Fidest – Agenzia giornalistica/press agency

Quotidiano di informazione – Anno 34 n° 316

MERICS China Flash: Strikes cause continuous tensions in China

Posted by fidest press agency su giovedì, 28 aprile 2016

labour protests in ChinaWorkers’ movements and trade unions all over the world will celebrate International Labour Day on 1 May. In China, houses are decorated with flowers and slogans are put up on the occasion of “Laodong Jie”. But this year, there is not much reason to celebrate: the country’s difficult economic situation is having a knock-on effect on industrial labourers. Growing dissatisfaction over unpaid wages and poor working conditions were the cause of a growing number of strikes, even though the Party and state have tried hard to curb such unrest.We discussed these tensions with Simon Lang, research associate at MERICS:
So far this year, about a thousand strikes have been recorded in China, many of which took place spontaneously. What’s the reason for all this unrest?
It’s mainly workers from private construction firms and manufacturing companies who are on strike. The slower economic growth and falling exports have led to a large number of lay-offs, and in other cases wages have not been paid regularly. Many workers are desperate because they haven’t received wages for months and do not know how to support their families. In such a difficult situation, they are willing to accept reprisals from their employer or even the state.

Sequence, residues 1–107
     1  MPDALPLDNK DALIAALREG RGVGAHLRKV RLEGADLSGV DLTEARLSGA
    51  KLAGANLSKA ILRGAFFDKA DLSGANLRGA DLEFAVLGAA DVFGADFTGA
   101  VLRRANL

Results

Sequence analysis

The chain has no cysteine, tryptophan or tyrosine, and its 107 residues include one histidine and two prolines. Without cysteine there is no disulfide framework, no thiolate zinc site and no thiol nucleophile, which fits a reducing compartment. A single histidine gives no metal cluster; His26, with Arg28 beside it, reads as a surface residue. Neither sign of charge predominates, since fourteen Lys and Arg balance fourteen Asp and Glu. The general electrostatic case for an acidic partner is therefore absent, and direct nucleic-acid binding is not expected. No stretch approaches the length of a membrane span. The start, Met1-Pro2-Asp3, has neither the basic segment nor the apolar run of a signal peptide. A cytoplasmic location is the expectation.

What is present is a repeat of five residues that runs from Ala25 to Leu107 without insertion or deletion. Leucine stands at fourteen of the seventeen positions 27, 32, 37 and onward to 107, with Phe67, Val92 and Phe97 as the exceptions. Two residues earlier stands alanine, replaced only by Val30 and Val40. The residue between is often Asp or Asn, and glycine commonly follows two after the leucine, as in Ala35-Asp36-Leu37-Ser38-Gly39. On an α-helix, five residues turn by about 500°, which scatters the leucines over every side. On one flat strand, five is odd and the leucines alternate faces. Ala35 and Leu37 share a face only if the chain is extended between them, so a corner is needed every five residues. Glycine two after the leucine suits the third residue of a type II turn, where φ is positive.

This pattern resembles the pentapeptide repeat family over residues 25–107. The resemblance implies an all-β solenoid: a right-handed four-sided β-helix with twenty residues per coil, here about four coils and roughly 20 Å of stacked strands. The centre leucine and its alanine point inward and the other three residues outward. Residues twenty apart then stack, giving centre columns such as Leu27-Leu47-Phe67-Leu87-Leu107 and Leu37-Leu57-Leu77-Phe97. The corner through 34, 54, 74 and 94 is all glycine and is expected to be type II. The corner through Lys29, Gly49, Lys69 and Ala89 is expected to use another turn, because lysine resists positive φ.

How exactly do these work stoppages take place? How do strikers organise?
Discontented employees and redundant workers often start protesting spontaneously. Younger employees know more about their rights today than their parents did at their age. They have higher expectations and more self-confidence. It’s become much easier to co-ordinate protests now that smartphones are widely available. In most cases, a protest starts off with a small group of disgruntled workers. It’s hard to organise properly, though, as trying to co-ordinate with a large number of people is a risky undertaking in China. In fact, a lot of protests lead to nowhere as none of the initiators are prepared to take up negotiations with the management. There aren’t any bodies that represent workers’ rights apart from the All-China Federation of Trade Unions, and most of all, this organisation wants to maintain social harmony – just like the Chinese leadership.
How has the Chinese government responded to such protests?
Local governments have taken all kinds of steps to curb social unrest as they’re afraid of strikes spreading. They employ a kind of carrot-and-stick approach: local officials put both employers and employees under pressure to get them to look for a compromise together. At the same time, though, the state is not afraid of sending the police in against strikers to get them off the road and keep them from protesting.
In contrast to this tactic, company executives have tried to divide striking workers by making attractive financial offers to individual leaders, luring them back to work. State-owned enterprises, on the other hand, try to prevent strikes from occurring by offering workers financial compensation, early retirement and part-time employment in order to reduce the social impact of lay-offs. (photo: labour prostests in China)

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